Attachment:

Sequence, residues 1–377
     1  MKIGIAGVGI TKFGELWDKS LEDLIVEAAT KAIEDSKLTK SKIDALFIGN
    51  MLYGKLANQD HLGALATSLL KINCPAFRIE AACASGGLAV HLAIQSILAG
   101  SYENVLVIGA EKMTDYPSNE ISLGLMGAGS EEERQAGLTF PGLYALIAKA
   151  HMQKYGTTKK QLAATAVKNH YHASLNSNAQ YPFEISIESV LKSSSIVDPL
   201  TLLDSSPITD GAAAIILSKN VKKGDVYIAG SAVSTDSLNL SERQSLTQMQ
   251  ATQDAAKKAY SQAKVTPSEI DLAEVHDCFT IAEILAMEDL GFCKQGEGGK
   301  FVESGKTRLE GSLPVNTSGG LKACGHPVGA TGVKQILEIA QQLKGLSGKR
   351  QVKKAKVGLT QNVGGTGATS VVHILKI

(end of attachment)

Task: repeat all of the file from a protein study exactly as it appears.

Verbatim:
Sequence, residues 1–377
     1  MKIGIAGVGI TKFGELWDKS LEDLIVEAAT KAIEDSKLTK SKIDALFIGN
    51  MLYGKLANQD HLGALATSLL KINCPAFRIE AACASGGLAV HLAIQSILAG
   101  SYENVLVIGA EKMTDYPSNE ISLGLMGAGS EEERQAGLTF PGLYALIAKA
   151  HMQKYGTTKK QLAATAVKNH YHASLNSNAQ YPFEISIESV LKSSSIVDPL
   201  TLLDSSPITD GAAAIILSKN VKKGDVYIAG SAVSTDSLNL SERQSLTQMQ
   251  ATQDAAKKAY SQAKVTPSEI DLAEVHDCFT IAEILAMEDL GFCKQGEGGK
   301  FVESGKTRLE GSLPVNTSGG LKACGHPVGA TGVKQILEIA QQLKGLSGKR
   351  QVKKAKVGLT QNVGGTGATS VVHILKI